Geoffrey Sampson


An End to Allegiance:
individual freedom and the new politics

by Geoffrey Sampson

A survey of the diverse strands of the modern political movement variously known as liberalism, libertarianism, or the New Right.

I wrote this book at a time when socialist thinking still dominated politics and “respectable” public opinion, in Britain and overseas. Nowadays, many points of view discussed in this book are taken for granted, and different political issues have come to the fore. But the widespread acceptance nowadays of free-market principles has only come about because, during the 1970s and 1980s, a number of us doggedly argued against the socialist consensus.

The book has not lost its relevance: plenty of strands of libertarian thinking are no more accepted now (some are even less accepted) than they were when it was written.

Some critical comment:

an extremely lucid summary of the contemporary debate on freedom, with much practical illustration ... This is popularising at its best ... a “front line” book of no mean significance
— Economic Affairs

an admirable plain man’s guide to the New Right ... [Sampson]’s enthusiasm is intellectually seductive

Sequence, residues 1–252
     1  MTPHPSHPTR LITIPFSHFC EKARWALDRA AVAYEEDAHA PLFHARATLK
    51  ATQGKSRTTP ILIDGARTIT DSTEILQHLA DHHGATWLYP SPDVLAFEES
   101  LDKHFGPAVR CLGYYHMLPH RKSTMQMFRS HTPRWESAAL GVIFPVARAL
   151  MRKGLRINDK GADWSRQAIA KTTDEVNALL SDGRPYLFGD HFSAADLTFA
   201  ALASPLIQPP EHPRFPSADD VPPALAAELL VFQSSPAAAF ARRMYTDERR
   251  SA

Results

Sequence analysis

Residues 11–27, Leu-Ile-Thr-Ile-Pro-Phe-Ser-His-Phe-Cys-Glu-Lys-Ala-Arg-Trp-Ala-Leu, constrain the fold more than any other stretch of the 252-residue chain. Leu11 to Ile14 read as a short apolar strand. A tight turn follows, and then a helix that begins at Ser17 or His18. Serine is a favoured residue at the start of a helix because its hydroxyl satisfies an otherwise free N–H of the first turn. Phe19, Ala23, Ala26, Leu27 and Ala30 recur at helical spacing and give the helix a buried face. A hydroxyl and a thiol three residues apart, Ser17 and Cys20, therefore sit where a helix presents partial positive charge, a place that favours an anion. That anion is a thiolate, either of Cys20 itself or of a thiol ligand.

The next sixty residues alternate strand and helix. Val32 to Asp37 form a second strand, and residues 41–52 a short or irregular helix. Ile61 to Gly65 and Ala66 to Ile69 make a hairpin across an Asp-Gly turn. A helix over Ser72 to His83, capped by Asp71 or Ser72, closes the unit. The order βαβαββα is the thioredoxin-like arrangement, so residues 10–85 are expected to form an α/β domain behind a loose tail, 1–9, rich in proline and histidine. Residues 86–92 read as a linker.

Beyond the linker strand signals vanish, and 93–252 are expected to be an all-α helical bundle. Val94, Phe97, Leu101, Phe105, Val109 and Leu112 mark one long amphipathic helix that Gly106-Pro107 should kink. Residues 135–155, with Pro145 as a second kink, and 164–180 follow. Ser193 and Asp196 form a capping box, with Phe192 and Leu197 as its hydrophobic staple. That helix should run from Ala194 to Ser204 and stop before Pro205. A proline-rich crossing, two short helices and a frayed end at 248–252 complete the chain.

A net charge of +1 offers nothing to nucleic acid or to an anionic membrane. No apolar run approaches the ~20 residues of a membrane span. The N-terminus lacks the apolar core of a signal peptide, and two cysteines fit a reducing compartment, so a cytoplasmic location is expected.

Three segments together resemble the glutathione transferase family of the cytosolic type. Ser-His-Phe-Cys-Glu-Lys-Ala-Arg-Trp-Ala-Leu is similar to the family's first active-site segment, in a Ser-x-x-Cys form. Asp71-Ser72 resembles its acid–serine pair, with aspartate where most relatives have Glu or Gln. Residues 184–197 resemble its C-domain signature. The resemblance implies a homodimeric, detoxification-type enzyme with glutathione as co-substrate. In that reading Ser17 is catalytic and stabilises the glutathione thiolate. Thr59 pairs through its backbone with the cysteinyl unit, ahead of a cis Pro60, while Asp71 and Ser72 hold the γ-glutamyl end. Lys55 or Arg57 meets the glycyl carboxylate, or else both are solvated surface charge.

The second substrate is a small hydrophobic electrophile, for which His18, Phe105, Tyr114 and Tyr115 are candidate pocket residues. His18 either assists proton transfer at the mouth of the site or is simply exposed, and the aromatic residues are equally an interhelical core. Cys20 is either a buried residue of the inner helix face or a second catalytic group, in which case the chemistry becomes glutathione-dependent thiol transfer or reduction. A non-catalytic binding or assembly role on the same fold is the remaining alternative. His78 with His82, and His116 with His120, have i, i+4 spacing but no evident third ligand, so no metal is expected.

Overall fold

— Times Literary Supplement

[in a survey of books on the libertarian movement]: This is the best of the lot. … [Sampson’s] book is a thoughtful explanation and critique of libertarian ideas, illuminated by a good many of his own insights.
— David Friedman, in the 1989 edition of his book The Machinery of Freedom: guide to a radical capitalism

… for a “libertarian” (in the American sense), Sampson offers a more coherent viewpoint than most. Not that I agree with him, but he is a very good writer and I found this book a worthwhile read, if only for the fact that it offers quite a different perspective on libertarian thinking.
— from an anonymous Google Books review

Justice cannot be given to the importance of this book in the space available
— New Humanity Journal

vii + 253 pp.

Published in 1984 by Temple Smith in Britain and Universe Books in the USA. New or used copies available via relevant British or American Amazon pages.

ISBN 0-87663-462-5

Geoffrey Sampson

last changed 2 Nov 2021